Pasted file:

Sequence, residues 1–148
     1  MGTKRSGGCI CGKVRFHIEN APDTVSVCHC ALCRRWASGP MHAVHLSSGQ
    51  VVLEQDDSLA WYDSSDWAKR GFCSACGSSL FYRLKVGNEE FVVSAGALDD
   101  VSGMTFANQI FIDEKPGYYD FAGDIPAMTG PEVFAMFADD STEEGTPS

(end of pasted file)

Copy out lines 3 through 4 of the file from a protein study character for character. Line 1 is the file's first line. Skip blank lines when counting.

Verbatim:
    51  VVLEQDDSLA WYDSSDWAKR GFCSACGSSL FYRLKVGNEE FVVSAGALDD
   101  VSGMTFANQI FIDEKPGYYD FAGDIPAMTG PEVFAMFADD STEEGTPS